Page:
High Impact Weather in the Arctic: Fundamental understanding and future projections

Polar low
Polar low

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HIMWARC will extend our fundamental knowledge and concomitantly restrain present levels of uncertainty with respect to future changes of high impact weather in the Arctic. The weather in the Arctic features several severe types of extremes such as polar lows and strong low-level winds in the vicinity of topography. These extremes rigorously influence the socio-economic structure of the affected regions and communities by extensive material damages and loss of lives.

Our current understanding of the formation and intensification of these weather phenomena is still at an infant level, which limits our forecasting capabilities and hence restrains our abilities of mitigation measures. Furthermore, a detailed and comprehensive assessment of changes with respect to high impact weather in the Arctic in a future climate will also be limited to our understanding of the underlying processes giving rise to these phenomena.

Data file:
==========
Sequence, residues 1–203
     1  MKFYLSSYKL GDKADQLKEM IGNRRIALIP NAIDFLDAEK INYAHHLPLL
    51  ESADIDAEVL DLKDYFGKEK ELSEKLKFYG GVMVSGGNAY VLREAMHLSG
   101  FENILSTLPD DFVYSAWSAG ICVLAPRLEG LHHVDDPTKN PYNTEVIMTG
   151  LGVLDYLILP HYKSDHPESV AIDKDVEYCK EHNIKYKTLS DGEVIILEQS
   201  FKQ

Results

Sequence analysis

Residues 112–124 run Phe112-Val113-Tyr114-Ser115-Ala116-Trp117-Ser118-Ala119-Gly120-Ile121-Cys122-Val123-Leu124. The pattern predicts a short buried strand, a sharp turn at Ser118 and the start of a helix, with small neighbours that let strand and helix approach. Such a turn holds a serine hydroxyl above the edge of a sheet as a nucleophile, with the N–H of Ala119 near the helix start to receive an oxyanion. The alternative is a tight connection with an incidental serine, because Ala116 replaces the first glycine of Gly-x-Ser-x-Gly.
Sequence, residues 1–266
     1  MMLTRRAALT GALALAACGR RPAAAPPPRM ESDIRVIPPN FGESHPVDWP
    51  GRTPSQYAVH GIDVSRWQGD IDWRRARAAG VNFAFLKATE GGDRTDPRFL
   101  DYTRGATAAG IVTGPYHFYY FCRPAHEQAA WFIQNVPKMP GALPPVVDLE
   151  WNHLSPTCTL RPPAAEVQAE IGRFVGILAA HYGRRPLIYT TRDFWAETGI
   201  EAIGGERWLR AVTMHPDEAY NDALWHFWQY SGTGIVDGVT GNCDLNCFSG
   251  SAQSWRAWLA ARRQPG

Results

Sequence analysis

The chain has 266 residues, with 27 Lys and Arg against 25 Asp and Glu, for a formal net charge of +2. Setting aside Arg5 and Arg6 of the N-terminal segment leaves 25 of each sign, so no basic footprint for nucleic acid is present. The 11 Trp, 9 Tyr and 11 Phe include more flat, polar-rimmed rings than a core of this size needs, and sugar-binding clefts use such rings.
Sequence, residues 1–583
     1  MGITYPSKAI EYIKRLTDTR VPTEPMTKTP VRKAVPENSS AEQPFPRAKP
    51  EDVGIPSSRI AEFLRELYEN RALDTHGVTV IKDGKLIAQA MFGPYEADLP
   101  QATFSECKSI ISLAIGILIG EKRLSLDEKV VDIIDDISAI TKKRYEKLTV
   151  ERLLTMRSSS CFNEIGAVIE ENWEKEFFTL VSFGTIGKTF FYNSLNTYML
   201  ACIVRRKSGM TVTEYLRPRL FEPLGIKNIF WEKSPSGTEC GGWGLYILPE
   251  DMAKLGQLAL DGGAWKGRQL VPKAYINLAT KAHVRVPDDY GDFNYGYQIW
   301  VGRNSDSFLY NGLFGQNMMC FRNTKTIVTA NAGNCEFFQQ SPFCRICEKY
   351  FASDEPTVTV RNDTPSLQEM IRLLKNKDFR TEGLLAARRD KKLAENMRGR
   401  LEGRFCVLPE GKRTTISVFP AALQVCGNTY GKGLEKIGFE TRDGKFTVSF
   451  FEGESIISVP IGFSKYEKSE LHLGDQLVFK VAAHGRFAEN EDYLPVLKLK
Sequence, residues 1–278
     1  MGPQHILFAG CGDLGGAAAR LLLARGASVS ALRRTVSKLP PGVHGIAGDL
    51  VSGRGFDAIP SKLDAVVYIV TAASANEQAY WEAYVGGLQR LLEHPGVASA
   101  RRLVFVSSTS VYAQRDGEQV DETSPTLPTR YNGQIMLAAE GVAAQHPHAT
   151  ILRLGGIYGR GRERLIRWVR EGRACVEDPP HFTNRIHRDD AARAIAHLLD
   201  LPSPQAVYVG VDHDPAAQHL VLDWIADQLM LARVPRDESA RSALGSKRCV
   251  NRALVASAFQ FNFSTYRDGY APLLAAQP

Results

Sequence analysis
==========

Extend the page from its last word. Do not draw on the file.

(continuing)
HIMWARC’s approach is twofold:

  • Extending our fundamental understanding of high impact weather in the Arctic
  • Incorporating novel findings into improved diagnostics to assess future changes in spatial distribution, frequency and intensity of Arctic severe events

The pursuit of these goals is aided by the affiliation of HIMWARC with THORPEX, a WWRP initiative by the WMO, and its recently established Polar Project. HIMWARC builds on previous efforts by IPY-THORPEX via use of its field campaign data and sustaining established scientific network between research institutions and forecasting agencies.

Outcomes of HIMWARC will be:

  1. revised and unified theory on polar low genesis by incorporating a novel concept to the formation process
  2. better understanding of the interactions between atmospheric flow with steep topography in the light of extreme wind events and cyclogenesis
  3. assessment of future changes of high impact weather in the Arctic

HIMWARC is a three year project (2011 - 2014) with a grant of 7 million NOK from NFR.

Contact at GFI: Thomas Spengler (Project leader)